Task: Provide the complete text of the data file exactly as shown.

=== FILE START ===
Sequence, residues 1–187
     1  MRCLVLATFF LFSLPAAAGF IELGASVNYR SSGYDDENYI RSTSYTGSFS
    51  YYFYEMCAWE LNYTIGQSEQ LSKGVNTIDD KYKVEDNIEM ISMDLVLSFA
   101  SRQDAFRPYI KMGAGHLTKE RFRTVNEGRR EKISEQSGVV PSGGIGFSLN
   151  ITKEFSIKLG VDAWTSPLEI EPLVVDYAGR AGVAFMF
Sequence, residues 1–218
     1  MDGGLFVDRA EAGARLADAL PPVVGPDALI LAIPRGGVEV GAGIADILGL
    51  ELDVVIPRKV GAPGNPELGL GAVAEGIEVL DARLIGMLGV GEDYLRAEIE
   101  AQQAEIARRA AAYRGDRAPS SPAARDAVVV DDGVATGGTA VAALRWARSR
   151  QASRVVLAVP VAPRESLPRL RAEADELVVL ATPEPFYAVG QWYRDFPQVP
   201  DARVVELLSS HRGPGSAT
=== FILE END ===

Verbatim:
Sequence, residues 1–187
     1  MRCLVLATFF LFSLPAAAGF IELGASVNYR SSGYDDENYI RSTSYTGSFS
    51  YYFYEMCAWE LNYTIGQSEQ LSKGVNTIDD KYKVEDNIEM ISMDLVLSFA
   101  SRQDAFRPYI KMGAGHLTKE RFRTVNEGRR EKISEQSGVV PSGGIGFSLN
   151  ITKEFSIKLG VDAWTSPLEI EPLVVDYAGR AGVAFMF
Sequence, residues 1–218
     1  MDGGLFVDRA EAGARLADAL PPVVGPDALI LAIPRGGVEV GAGIADILGL
    51  ELDVVIPRKV GAPGNPELGL GAVAEGIEVL DARLIGMLGV GEDYLRAEIE
   101  AQQAEIARRA AAYRGDRAPS SPAARDAVVV DDGVATGGTA VAALRWARSR
   151  QASRVVLAVP VAPRESLPRL RAEADELVVL ATPEPFYAVG QWYRDFPQVP
   201  DARVVELLSS HRGPGSAT